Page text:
Operating fluid bed dryers today still involves more art than it does science. Basically, an operator looks through a sight glass and manually controls the process, says Todd Pugsley, professor of chemical engineering at the University of Saskatchewan (Saskatoon).
Scale-up is even more problematic, he says, since what happens at the benchtop level is very different from what happens during full-scale production. Patterns within the vessels change, he says. And those changes ultimately affect product quality; larger granules can be segregated or finer granules entrained. Highly potent drugs or protein-based therapies are at greatest risk for quality problems.
Pugsley and his team have been studying the gas-particle and particle-particle interactions of fluid bed drying since 1998. Theyre using new sensors, tomography and high-speed photography to capture the dynamic behavior of particles in the dryer. Tomographys nonintrusive, and you get a clear picture of whats going on, Pugsley says.
In a previous project, they had used a piezoelectric sensor to measure pressure fluctuation within a dryer. They replaced the product bowls viewing window with an acrylic insert threaded so that the transducer could be mounted within it. They then collected data for both a dry and a wet bed of granules, with the wet bed moving from 33% wt. to 4% wt. moisture.
Chaos analysis, in the form of the S-statistic method, developed by J.R. van Ommen of the Technical University of Delft, was then used to analyze data. Hydrodynamics varied depending on the amount of moisture present. When you take wet granules in a fluidized bed and start to dry them, the behavior of gases and the solid flow patterns change significantly, says Pugsley. Ultimately, knowledge gained will lead to automatic control systems, he says.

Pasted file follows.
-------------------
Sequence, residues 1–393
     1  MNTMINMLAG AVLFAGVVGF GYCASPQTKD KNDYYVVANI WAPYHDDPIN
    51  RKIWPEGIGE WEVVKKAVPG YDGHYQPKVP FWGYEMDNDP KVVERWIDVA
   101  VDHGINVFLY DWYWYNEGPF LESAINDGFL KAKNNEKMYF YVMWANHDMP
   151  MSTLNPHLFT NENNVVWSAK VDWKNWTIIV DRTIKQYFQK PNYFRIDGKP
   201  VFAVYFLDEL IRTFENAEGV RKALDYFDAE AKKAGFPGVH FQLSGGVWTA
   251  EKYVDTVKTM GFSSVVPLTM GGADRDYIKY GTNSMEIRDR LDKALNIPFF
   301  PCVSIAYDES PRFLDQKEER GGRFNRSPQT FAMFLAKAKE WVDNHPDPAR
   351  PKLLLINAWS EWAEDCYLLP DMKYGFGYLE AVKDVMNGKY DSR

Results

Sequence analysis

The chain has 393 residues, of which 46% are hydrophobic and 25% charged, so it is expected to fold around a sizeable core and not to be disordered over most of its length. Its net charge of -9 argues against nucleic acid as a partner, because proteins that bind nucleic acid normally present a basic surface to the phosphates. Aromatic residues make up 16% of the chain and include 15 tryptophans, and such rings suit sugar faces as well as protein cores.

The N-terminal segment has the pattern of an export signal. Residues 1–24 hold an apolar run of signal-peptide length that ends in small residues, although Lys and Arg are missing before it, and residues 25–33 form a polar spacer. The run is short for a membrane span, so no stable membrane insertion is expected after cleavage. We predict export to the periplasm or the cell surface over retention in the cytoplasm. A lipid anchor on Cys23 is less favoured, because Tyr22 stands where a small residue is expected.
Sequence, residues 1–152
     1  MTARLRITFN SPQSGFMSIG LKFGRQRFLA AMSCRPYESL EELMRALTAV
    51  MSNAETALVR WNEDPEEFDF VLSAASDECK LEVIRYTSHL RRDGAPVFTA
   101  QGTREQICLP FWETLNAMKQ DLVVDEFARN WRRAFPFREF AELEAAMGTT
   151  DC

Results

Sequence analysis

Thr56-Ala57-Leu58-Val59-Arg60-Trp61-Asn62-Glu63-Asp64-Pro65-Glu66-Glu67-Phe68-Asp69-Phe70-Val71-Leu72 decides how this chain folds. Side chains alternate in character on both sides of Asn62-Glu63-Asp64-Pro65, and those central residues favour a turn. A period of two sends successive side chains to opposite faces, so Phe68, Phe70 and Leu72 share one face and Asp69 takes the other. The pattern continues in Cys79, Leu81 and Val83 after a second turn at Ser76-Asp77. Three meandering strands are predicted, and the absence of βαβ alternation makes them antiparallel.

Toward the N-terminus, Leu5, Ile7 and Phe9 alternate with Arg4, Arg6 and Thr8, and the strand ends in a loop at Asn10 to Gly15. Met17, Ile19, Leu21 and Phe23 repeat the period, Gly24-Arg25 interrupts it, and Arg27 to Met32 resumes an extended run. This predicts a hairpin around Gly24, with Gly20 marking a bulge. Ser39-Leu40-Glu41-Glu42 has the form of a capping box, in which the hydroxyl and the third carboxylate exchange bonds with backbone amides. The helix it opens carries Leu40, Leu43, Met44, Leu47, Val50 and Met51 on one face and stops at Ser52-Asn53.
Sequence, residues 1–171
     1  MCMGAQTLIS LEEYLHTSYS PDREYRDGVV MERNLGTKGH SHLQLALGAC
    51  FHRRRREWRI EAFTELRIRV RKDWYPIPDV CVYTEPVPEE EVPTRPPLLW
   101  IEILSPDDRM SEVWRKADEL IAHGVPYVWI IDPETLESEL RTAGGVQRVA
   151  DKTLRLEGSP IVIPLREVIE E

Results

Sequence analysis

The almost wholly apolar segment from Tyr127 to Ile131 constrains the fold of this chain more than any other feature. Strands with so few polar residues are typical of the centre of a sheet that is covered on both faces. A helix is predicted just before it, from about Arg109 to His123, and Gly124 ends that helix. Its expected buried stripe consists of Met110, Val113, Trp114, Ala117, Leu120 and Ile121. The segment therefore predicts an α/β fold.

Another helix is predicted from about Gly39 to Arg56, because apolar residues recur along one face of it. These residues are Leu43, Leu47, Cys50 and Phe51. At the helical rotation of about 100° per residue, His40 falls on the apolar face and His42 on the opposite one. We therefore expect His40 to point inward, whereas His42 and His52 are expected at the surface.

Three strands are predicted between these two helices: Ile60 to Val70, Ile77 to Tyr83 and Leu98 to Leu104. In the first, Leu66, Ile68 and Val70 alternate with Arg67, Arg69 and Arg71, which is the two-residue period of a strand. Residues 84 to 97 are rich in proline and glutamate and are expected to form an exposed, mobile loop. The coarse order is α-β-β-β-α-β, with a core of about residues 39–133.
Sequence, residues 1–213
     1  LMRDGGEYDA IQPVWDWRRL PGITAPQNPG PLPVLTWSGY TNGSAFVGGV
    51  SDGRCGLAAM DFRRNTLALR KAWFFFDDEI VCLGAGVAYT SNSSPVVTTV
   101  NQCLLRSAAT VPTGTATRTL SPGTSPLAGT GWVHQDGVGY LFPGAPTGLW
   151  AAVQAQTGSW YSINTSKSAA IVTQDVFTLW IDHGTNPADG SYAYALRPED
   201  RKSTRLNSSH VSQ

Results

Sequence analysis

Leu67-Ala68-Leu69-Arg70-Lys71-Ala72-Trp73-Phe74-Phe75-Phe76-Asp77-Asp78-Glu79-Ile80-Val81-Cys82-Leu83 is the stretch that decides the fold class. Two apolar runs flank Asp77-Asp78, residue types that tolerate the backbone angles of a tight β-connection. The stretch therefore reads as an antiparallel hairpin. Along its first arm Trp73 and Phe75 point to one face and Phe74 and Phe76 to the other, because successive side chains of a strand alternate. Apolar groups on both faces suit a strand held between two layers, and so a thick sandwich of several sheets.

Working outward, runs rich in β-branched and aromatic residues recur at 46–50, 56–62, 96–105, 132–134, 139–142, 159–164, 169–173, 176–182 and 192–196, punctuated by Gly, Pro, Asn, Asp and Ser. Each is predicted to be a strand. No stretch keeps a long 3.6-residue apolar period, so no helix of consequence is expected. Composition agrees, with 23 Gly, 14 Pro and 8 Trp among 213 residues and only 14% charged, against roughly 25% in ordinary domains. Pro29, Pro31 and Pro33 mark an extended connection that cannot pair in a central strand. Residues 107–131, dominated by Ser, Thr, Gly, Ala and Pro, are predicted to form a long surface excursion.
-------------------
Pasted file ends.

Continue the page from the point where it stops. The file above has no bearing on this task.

Not only drug manufacturers are refining visual hydrodynamic measurement techniques. The fluidized bed equipment maker Glatt used fiber optics and high-speed photography to characterize the Wurster coating process and pinpoint problem zones, to optimize it for tablet coating. Research ultimately led to the design of a new insert (see "Insert Improves Wurster Coating for Tablets, Particles") that improves coating uniformity.
Academic research promises to raise the level of process understanding. Manufacturers will be able to show FDA that they understand how changes in gas velocity and changes in the humidity of incoming air affect the process, as well as product quality, says Pugsley. Research in this subject is also ongoing at the University of Calgary, the City College of New York, and Rutgers University.